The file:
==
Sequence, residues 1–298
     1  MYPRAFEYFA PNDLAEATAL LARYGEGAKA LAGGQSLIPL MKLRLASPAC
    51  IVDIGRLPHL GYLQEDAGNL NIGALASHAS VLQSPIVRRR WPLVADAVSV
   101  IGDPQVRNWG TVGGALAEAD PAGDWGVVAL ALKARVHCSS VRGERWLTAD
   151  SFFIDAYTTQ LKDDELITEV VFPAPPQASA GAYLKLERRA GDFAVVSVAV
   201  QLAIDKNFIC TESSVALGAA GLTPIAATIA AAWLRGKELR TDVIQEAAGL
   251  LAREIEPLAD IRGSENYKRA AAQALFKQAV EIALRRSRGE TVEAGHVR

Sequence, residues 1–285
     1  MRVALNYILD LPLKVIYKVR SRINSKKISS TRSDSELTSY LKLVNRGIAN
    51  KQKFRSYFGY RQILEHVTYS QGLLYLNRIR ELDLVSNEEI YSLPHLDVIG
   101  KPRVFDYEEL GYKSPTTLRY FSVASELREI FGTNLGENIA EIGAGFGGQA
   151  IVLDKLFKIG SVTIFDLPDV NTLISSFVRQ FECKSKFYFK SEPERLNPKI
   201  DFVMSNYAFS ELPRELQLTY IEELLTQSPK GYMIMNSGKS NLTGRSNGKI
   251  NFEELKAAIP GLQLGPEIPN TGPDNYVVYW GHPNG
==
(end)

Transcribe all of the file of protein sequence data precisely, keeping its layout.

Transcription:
Sequence, residues 1–298
     1  MYPRAFEYFA PNDLAEATAL LARYGEGAKA LAGGQSLIPL MKLRLASPAC
    51  IVDIGRLPHL GYLQEDAGNL NIGALASHAS VLQSPIVRRR WPLVADAVSV
   101  IGDPQVRNWG TVGGALAEAD PAGDWGVVAL ALKARVHCSS VRGERWLTAD
   151  SFFIDAYTTQ LKDDELITEV VFPAPPQASA GAYLKLERRA GDFAVVSVAV
   201  QLAIDKNFIC TESSVALGAA GLTPIAATIA AAWLRGKELR TDVIQEAAGL
   251  LAREIEPLAD IRGSENYKRA AAQALFKQAV EIALRRSRGE TVEAGHVR

Sequence, residues 1–285
     1  MRVALNYILD LPLKVIYKVR SRINSKKISS TRSDSELTSY LKLVNRGIAN
    51  KQKFRSYFGY RQILEHVTYS QGLLYLNRIR ELDLVSNEEI YSLPHLDVIG
   101  KPRVFDYEEL GYKSPTTLRY FSVASELREI FGTNLGENIA EIGAGFGGQA
   151  IVLDKLFKIG SVTIFDLPDV NTLISSFVRQ FECKSKFYFK SEPERLNPKI
   201  DFVMSNYAFS ELPRELQLTY IEELLTQSPK GYMIMNSGKS NLTGRSNGKI
   251  NFEELKAAIP GLQLGPEIPN TGPDNYVVYW GHPNG